Let’s Get Physicals!

Let’s Get Physicals!

It’s unusual for a child to avoid catching a cold or getting hurt. Maybe you haven’t made the early-morning call to the doctor to see if they can fit your son or daughter in that day. If that’s the case, it’s important to understand that your child will still benefit from annual physical examinations. Each year, a physician should track your child’s growth and development while evaluating him or her for potential issues. Plus, physical check-ups are required for school registration.

When it’s time to “play ball,” “dive in” or “cross the finish line,” then it’s time to book your child’s sports physical. The pre-participation physical examination or PPE does not evaluate your child’s ability to excel in their chosen sport, however determines if it’s safe for your child to participate. Typically, your child’s PPE should occur about six weeks prior to starting the activity in case they require further evaluation, treatment, or even rehabilitation.

Premier Urgent Care centers offer annual, back-to-school and sports physicals at convenient times, 9am to 9pm seven days a week. Certified medical examiners follow the protocol for intake and performing the exam. Plus, they have the authority to decide if your child should or should not participate in a physical activity.

The PPE is divided into two important parts: medical history and physical examination.

Getting the Facts
Your family medical history provides important information to the examiner about possible conditions your child may have or may develop. Be ready to provide responses for the following about your child:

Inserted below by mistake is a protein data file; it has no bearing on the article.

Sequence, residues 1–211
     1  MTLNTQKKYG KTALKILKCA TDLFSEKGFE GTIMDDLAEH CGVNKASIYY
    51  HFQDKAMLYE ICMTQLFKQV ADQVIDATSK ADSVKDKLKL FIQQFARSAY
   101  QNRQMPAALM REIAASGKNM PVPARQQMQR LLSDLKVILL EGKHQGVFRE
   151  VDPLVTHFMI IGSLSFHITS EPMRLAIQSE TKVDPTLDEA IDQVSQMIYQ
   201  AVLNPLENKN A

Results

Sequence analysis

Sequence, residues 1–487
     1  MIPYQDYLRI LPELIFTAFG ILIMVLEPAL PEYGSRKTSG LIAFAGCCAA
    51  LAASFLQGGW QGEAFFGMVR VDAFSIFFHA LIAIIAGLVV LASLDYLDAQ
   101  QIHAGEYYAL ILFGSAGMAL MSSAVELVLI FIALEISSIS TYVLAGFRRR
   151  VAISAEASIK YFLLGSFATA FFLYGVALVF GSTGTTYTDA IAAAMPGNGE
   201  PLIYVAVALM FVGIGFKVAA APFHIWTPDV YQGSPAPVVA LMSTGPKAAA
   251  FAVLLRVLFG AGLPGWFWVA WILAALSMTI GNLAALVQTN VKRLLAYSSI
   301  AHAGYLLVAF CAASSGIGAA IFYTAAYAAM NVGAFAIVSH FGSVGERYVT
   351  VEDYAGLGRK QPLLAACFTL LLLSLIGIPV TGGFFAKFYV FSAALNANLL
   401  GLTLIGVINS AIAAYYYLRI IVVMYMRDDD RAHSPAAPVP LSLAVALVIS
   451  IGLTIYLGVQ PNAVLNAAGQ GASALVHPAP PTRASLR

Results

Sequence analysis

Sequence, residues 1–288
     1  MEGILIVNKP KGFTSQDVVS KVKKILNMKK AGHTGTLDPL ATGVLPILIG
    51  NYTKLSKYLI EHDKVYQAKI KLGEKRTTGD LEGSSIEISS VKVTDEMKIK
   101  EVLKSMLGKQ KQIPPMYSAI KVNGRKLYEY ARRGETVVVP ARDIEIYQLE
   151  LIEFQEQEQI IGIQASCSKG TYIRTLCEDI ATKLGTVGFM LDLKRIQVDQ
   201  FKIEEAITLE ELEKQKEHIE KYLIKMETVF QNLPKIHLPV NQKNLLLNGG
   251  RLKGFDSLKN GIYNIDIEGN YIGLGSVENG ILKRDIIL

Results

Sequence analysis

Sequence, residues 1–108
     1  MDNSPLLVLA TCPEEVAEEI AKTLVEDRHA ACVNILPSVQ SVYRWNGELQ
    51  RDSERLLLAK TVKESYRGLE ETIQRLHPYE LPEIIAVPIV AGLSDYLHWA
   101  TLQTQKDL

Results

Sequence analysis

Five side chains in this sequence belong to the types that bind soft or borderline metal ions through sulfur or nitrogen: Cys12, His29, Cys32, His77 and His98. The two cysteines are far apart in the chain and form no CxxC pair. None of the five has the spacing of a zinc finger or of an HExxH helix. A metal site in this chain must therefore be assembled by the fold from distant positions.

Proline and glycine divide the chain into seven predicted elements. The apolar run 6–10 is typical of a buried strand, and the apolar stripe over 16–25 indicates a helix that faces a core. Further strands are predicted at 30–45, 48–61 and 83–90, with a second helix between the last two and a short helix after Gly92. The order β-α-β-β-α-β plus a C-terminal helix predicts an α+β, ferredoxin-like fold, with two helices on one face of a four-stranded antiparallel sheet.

• Previous illnesses
• Current illnesses – such as diabetes, asthma and epilepsy
• Hospitalization or surgery
• Allergies
• Injuries – like concussions, bone fractures and sprains
• Dizziness, fainting or chest pain
• Difficulty breathing during exercise
• Current medications – over the counter, supplements and prescription

Assessing the Patient
The second part, the physical examination, should focus on the cardiovascular and musculoskeletal systems. The American Academy of Family Physicians suggests that people with “heart or lung disease, bleeding disorders, musculoskeletal problems, history of concussion, or other neurologic disorders” should be evaluated further.

During the physical examination, the certified medical examiner will:
• Record height and weight
• Take blood pressure and pulse
• Test vision
• Check heart, lungs, abdomen, ears, nose, throat and teeth
• Evaluate posture and joints
• Examine skin
• Evaluate nutritional state
• Assess strength and flexibility
Boys will also be checked for hernias during the physical exam. If a hernia is found, a surgeon must evaluate the patient prior to participation in a sports program.

Depending on the age of the patient, the examiner may ask your child whether they smoke, use drugs, drink alcohol, or take dietary supplements, including steroids or other “performance enhancers” or weight-loss supplements. Each of these can negatively affect their overall health and physical performance.

Discussing the Results
After the exam, your child may be approved to participate in physical activities. In some cases, the examiner may recommend a follow-up exam, suggest more tests, or discuss detailed treatment for potential medical concerns. Don’t be alarmed by this referral. Your child may have exhibited a weakness or revealed slight discomfort or pain during the physical exam. Further evaluation could prevent additional damage, or result in your child adopting different exercises, changing stretching techniques, to simply selecting different footwear.

Remember, annual physicals are important for monitoring your child’s well-being and development. Sports physicals are required for some students to participate in physical education classes at school or an extracurricular sport. These exams are intended to protect your child from injury, not keep them on the sidelines.

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